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River Dee revived after one of Scotland’s biggest ever dam removals

The removal of the dam brings huge environmental benefits, especially in the face of the climate emergency and biodiversity crisis. (Photo: supplied)
The removal of the dam brings huge environmental benefits, especially in the face of the climate emergency and biodiversity crisis. (Photo: supplied)

The project, delivered by the River Dee Trust and the Dee District Salmon Fishery Board, was made possible after receiving funding from Water Environment Fund (WEF). The Scottish Environment Protection Agency (SEPA) administer WEF funding on behalf of the Scottish Government enabling rivers to be restored across Scotland.

The removal of the Garlogie Dam on Dunecht Estate means salmon can now access about 20 kilometres of precious spawning habitat. Opening up the five-metre high dam also restores 500 metres of burn and riverbank habitats, which were submerged below a reservoir for almost a century, as well as habitat restoration of the 3.5 hectares site further upstream of the dam.

Garlogie Dam pre-take down (Photo: supplied)
Garlogie Dam pre-take down (Photo: supplied)

Cabinet Secretary for Transport, Net Zero and Just Transition Mairi McAllan said: “This is a great example of the work being carried out across Scotland by rivers trusts and catchment partnerships to breathe life back into our rivers. This work benefits our environment, our wildlife - like our iconic wild salmon - and our people and communities.”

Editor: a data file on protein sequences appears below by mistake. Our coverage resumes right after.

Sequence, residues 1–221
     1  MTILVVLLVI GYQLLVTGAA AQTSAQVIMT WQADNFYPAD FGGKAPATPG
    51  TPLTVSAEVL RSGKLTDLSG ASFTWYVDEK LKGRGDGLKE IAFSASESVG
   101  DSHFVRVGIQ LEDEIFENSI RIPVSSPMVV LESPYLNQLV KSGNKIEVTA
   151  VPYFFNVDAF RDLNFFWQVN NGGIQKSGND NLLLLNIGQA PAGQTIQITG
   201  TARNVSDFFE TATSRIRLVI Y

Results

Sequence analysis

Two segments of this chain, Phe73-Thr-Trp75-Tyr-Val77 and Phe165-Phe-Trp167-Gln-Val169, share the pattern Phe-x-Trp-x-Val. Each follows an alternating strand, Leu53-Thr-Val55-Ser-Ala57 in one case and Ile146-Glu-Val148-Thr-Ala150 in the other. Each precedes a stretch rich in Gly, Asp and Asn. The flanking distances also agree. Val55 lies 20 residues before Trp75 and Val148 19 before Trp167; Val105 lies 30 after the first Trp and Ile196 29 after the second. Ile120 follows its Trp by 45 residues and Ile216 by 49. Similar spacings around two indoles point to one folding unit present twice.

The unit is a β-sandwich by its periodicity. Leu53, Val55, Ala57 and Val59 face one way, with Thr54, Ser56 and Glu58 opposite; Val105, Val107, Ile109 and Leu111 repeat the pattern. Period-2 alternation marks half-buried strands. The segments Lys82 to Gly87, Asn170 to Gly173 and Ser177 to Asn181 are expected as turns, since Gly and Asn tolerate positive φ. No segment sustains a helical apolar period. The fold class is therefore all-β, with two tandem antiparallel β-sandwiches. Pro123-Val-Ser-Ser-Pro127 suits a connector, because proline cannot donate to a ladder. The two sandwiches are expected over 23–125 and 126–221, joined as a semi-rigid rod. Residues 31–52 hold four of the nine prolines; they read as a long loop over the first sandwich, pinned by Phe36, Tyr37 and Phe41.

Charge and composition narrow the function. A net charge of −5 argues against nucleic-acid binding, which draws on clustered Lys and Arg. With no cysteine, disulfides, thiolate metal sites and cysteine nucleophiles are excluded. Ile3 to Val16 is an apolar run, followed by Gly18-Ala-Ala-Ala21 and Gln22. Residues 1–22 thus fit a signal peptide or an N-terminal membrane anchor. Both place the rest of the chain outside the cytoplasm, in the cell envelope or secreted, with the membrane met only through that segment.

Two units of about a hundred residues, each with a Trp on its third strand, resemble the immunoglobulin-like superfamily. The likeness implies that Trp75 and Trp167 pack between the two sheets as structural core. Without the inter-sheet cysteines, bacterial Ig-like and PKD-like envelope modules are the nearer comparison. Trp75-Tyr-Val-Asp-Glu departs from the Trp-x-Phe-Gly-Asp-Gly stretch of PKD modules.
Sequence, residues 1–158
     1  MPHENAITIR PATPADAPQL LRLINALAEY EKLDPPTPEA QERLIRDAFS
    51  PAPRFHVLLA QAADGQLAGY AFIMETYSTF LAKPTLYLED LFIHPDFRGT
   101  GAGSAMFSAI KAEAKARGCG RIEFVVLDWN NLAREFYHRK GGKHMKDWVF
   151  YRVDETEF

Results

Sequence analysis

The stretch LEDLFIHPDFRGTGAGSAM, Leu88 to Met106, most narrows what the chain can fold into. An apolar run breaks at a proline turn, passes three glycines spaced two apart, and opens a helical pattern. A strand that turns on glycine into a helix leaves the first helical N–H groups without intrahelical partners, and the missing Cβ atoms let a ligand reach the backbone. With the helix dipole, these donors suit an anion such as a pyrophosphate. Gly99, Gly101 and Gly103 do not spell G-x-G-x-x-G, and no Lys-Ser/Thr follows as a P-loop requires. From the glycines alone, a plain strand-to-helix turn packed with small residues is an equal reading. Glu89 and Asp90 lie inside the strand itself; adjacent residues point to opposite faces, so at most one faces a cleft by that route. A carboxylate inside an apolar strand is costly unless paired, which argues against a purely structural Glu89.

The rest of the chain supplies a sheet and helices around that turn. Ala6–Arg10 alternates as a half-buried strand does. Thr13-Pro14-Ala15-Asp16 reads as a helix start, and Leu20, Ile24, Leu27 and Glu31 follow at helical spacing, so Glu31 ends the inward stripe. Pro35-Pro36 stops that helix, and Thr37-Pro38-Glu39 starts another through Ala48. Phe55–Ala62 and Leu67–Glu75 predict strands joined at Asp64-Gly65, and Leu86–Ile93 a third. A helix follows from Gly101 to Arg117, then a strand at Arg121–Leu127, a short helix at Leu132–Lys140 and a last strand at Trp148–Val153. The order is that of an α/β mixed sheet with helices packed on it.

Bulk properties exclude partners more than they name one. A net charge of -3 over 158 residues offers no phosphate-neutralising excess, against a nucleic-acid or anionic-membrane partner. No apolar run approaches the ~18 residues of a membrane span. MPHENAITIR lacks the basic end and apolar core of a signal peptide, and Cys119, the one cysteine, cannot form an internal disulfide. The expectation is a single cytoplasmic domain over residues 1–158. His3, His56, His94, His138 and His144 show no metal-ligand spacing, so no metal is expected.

“We are investing £4 million this year to sustain the work of the Water Environment Fund both in restoring access to rivers for migratory fish and in urban river restoration, which will deliver benefits for biodiversity, climate change adaptation, green space provision, public access and flood management.”

Charlie Perfect, River Restoration Specialist at SEPA, said: “As Scotland’s climate changes, it’s more important than ever that we restore our freshwater habitats to ensure the long-term resilience of wildlife and local communities.

“The Water Environment Fund has been enabling this work now for ten years, and the Garlogie Dam is its biggest weir removal to date.

“This huge achievement for nature is testament to the strength of a genuinely collaborative partnership, and I look forward to seeing River Dee Trust continue to realise their vision for a river catchment full of wildlife.”

Garlogie Dam was built in the 1920s, completing a scheme to bring electricity to Dunecht House and estate workshops. However, following expansion of the National Grid soon after, the hydropower station was decommissioned. The two sides of the dam have been retained to help tell the industrial heritage story of the landscape.

Dr Lorraine Hawkins, River Dee Trust, added: “Atlantic salmon are critically threatened throughout their range. For this species to have a future, many threats need to be addressed and removing man-made barriers to allow them access to natural spawning and rearing grounds is one of the most obvious actions we can take. We are delighted to have been able to finally bring this huge collaborative project to fruition and it is a much-needed success for salmon.”

Tree planting, wetland restoration and the addition of instream large woody structures will all be delivered over the next 12 months in the area that was previously the reservoir, further enhancing the area as a haven for wildlife.